# What is the MacLaurin formula of higher orders for multivariable functions? Example: f(x,y)=cosx cosy

What is the MacLaurin formula of higher orders for multivariable functions? Example: $f\left(x,y\right)=\mathrm{cos}x\mathrm{cos}y$
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Duncan Kaufman
You can expand separately
- $\mathrm{cos}x=1-\frac{{x}^{2}}{2}+\frac{{x}^{4}}{4!}+o\left({x}^{4}\right)$
- $\mathrm{cos}y=1-\frac{{y}^{2}}{2}+\frac{{y}^{4}}{4!}+o\left({y}^{4}\right)$
and then multilply taking the terms to the desidered order.
That is for order IV
$f\left(x,y\right)=\mathrm{cos}x\cdot \mathrm{cos}y=\left(1-\frac{{x}^{2}}{2}+\frac{{x}^{4}}{4!}+o\left({x}^{4}\right)\right)\left(1-\frac{{y}^{2}}{2}+\frac{{y}^{4}}{4!}+o\left({y}^{4}\right)\right)=\phantom{\rule{0ex}{0ex}}=1-\frac{{x}^{2}}{2}-\frac{{y}^{2}}{2}+\frac{{x}^{4}}{4!}+\frac{{y}^{4}}{4!}-\frac{{x}^{2}{y}^{2}}{4}+o\left(|\left(x,y\right){|}^{4}\right)$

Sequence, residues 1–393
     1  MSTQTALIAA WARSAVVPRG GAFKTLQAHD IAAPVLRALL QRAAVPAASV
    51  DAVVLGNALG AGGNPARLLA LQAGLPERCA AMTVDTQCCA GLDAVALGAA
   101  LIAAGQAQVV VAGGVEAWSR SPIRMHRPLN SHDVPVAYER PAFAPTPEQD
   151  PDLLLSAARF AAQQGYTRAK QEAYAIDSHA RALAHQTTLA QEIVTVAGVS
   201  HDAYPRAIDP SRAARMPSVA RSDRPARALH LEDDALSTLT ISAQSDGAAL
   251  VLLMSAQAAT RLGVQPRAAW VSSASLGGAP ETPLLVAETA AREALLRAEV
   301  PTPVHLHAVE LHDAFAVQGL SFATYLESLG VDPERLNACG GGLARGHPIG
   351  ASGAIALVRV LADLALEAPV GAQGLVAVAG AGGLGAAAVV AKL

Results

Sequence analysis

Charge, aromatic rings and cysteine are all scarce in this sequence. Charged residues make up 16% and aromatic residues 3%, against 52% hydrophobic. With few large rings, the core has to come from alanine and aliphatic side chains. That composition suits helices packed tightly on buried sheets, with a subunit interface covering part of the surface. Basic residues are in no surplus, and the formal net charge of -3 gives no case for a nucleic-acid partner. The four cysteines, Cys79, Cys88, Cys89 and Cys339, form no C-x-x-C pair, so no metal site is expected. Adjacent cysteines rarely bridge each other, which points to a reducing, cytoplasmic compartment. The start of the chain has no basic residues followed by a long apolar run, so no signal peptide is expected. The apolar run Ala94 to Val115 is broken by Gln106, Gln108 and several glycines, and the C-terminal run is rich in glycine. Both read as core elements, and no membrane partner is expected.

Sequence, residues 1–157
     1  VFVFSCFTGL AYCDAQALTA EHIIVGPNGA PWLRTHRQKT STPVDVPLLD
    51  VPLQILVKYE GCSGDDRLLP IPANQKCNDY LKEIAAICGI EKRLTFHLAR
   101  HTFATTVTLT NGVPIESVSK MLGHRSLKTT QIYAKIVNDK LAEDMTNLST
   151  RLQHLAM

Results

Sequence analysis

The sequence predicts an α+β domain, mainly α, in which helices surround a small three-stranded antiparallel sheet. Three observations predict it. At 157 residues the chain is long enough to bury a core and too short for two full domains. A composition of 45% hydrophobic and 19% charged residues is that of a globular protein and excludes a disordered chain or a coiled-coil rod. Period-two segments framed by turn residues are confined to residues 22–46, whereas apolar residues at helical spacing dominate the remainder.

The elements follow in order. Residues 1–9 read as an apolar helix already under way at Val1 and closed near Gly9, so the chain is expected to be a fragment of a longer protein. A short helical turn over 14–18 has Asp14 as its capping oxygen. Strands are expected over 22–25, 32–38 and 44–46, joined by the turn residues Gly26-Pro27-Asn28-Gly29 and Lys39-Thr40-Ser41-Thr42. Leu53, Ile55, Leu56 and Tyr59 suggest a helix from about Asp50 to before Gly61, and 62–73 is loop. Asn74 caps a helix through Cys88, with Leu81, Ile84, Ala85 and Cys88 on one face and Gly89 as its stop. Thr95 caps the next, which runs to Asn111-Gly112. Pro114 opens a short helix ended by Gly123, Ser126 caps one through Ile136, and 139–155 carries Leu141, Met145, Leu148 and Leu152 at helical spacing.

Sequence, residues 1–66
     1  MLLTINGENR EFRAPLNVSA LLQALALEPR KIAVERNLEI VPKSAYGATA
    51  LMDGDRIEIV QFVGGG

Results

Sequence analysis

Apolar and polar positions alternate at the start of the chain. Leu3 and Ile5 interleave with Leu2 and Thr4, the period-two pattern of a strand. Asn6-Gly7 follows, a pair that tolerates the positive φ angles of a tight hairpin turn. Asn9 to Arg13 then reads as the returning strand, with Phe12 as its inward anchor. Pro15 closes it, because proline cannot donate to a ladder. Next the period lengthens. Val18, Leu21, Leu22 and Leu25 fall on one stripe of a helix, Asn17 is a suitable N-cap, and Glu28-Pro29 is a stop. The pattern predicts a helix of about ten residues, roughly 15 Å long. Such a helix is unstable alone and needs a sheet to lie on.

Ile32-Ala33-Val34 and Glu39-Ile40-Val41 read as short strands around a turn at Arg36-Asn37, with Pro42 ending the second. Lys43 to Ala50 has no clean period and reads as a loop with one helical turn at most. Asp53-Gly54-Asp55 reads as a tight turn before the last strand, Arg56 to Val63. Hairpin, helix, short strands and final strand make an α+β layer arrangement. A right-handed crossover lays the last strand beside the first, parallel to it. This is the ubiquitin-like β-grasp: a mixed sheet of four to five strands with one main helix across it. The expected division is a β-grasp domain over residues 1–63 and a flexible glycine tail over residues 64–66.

Note that
- for order II: $f\left(x,y\right)=\mathrm{cos}x\cdot \mathrm{cos}y=1-\frac{{x}^{2}}{2}-\frac{{y}^{2}}{2}+o\left(|\left(x,y\right){|}^{2}\right)$
- for order III: $f\left(x,y\right)=\mathrm{cos}x\cdot \mathrm{cos}y=1-\frac{{x}^{2}}{2}-\frac{{y}^{2}}{2}+o\left(|\left(x,y\right){|}^{3}\right)$
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Gauge Odom
Your example is special in so far as the function is "separated" into two functions of one variable.
$g\left(t\right):=f\left(t\phantom{\rule{thinmathspace}{0ex}}x,t\phantom{\rule{thinmathspace}{0ex}}y\right)$
of one variable $t$, and compute its value at $t=1$, using the Taylor expansion of a function of one variable:

and compute the higher derivatives ${g}^{\left(p\right)}\left(0\right)$ using repeatedly the chain rule. Collecting equal terms you obtain